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Julie James, Leader of the House and Chief Whip

First published:
20 September 2018
Last updated:

This was published under the 2016 to 2021 administration of the Welsh Government

The National Strategy on Violence against Women, Domestic Abuse and Sexual Violence 2016 - 2021 contains a commitment to develop a sustainable national survivor engagement framework to ensure that the needs and experiences of survivors are understood.

We can only understand and respond to violence and abuse by listening to and working alongside those with lived experience. Many survivors are not able to be heard, even though they are the true experts in the effects of violence and abuse. We are committed to learning from their experience and working with survivors to provide a platform that amplifies their voice.

From November 2017 - January 2018 we engaged with over sixty survivors and with stakeholder organisations. This engagement showed strong support for the development of a formal sustainable engagement mechanism. Survivors and stakeholders all felt that survivor voices and experience should be central to policy development, should be planned and meaningful and should be considered from the outset of policy design. At the same time we also undertook a literature review to identify the barriers and enablers to successful survivor engagement.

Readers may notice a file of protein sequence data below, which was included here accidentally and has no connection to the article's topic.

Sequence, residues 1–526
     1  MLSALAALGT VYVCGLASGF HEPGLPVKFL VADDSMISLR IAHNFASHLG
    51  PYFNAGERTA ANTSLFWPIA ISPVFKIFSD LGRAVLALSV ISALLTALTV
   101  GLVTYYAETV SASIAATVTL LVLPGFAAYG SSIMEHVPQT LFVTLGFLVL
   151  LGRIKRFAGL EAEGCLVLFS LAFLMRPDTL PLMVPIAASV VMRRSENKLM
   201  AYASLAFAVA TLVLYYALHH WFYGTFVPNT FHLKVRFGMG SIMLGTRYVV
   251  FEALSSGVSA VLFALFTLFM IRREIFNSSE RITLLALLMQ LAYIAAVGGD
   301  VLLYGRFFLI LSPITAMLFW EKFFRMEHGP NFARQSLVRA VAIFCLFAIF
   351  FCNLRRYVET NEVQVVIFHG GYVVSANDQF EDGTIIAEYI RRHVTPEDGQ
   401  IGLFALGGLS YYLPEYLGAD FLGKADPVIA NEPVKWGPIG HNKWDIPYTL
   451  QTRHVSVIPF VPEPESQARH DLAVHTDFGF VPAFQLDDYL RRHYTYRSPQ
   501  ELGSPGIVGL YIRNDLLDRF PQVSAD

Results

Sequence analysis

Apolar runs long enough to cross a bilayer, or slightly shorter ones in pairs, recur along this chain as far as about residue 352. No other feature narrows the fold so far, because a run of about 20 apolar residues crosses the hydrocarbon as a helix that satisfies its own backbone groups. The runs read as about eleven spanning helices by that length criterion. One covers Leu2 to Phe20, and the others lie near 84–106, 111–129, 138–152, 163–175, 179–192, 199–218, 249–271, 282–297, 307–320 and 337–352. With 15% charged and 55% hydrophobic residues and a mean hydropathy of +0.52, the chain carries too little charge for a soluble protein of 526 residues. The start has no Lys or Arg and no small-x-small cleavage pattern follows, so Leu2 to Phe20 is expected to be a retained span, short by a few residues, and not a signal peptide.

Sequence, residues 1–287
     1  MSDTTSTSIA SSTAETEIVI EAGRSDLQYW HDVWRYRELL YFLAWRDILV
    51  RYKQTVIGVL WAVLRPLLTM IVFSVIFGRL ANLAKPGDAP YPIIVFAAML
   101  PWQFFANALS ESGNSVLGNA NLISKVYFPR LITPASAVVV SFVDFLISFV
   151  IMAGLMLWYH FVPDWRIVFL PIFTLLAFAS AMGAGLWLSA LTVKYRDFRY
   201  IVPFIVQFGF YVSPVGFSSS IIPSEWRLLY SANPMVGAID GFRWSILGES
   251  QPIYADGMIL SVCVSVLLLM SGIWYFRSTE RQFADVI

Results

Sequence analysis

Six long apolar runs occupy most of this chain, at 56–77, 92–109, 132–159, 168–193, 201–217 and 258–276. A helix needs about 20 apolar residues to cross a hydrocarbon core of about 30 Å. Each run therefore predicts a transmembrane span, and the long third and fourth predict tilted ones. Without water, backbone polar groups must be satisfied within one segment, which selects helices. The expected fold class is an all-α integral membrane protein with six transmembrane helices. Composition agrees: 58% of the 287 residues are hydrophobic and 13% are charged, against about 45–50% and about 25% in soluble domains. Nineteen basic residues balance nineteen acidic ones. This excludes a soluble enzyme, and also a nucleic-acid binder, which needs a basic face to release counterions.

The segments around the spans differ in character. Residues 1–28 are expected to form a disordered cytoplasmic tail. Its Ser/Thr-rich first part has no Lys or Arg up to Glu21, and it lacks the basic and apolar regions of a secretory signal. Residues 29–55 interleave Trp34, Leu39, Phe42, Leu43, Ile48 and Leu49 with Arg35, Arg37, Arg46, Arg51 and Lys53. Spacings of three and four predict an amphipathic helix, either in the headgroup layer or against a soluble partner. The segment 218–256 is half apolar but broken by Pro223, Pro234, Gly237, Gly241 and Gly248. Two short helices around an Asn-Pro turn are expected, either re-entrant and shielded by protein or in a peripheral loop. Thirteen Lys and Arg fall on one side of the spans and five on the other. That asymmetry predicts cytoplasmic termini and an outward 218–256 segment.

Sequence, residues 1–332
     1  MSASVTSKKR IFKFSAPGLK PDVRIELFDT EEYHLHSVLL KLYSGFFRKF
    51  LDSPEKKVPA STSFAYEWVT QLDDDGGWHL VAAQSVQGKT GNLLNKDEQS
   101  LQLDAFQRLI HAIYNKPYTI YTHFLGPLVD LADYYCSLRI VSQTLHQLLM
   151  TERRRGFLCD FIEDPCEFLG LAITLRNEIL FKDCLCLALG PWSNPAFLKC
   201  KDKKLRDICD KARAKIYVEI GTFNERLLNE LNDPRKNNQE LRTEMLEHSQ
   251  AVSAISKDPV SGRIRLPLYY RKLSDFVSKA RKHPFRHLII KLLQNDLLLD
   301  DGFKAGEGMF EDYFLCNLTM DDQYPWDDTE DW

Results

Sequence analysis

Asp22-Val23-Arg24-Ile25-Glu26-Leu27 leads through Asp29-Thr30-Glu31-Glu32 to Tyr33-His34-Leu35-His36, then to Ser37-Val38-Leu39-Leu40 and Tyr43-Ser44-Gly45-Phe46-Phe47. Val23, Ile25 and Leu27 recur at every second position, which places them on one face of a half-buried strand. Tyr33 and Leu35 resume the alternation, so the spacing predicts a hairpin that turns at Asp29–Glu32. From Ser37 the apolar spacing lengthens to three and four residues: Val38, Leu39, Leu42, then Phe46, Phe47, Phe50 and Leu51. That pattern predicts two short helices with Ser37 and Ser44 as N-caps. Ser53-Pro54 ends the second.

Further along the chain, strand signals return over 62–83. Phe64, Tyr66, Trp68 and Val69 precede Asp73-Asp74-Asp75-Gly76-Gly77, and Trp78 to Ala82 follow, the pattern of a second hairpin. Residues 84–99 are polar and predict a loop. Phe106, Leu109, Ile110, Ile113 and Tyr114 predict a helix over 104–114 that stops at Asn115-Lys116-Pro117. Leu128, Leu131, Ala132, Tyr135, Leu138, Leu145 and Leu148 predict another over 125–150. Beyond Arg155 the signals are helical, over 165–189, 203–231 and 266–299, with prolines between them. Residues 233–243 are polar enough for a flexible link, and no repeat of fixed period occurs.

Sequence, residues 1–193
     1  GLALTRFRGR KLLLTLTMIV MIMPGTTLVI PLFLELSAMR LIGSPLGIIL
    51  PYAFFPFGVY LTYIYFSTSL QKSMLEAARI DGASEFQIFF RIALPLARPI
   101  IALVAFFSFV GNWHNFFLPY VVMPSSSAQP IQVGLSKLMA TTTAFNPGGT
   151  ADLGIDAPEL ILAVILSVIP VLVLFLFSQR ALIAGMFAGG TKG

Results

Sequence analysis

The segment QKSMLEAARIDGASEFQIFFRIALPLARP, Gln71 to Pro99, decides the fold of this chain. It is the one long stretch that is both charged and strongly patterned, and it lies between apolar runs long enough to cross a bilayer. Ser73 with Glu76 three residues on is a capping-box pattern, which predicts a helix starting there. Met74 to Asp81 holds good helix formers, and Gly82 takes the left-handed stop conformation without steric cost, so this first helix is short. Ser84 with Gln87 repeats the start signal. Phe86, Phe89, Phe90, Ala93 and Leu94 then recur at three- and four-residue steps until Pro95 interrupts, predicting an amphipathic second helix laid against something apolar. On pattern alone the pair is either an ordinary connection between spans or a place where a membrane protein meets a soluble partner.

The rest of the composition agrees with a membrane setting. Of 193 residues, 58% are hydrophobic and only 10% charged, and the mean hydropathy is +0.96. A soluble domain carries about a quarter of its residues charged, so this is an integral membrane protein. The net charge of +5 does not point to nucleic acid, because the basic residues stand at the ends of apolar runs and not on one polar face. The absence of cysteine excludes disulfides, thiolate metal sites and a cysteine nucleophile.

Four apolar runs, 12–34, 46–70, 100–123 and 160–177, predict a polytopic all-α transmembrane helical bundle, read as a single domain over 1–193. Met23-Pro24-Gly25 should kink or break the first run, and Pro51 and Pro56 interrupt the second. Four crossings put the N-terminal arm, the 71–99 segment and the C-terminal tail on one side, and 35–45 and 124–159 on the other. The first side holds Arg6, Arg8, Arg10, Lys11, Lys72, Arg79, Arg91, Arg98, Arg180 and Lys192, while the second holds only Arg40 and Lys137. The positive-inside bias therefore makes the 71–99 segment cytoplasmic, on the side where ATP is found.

This background evidence and learning informed the development of a number of options for a national survivor engagement framework. We consulted on these options in the spring and have published a summary of responses: <?xml:namespace prefix = "o" ns = "urn:schemas-microsoft-com:office:office" />

Responses to the consultation were helpful but limited in number and representation.  Although a diverse range of survivors from across Wales have been engaged with this work, there remain hidden groups of survivors including those not accessing services or not part of any formal structured engagement who are not being heard.  These groups include men, Gypsy Roma and Travellers, and LGBT+ communities.
It is important that everyone’s voice is heard, and therefore my officials will initiate a project in September to deliver two main activities:

• improving representation of future survivor engagement by undertaking primary research with those survivor groups who are under-represented in the findings from previous survivor engagement work; and

• a small scale pilot for a national survivor engagement panel.

The pilot will run until March 2019 and will make recommendations for longer term practice following assessment of the findings. I look forward to sharing the outcomes in due course.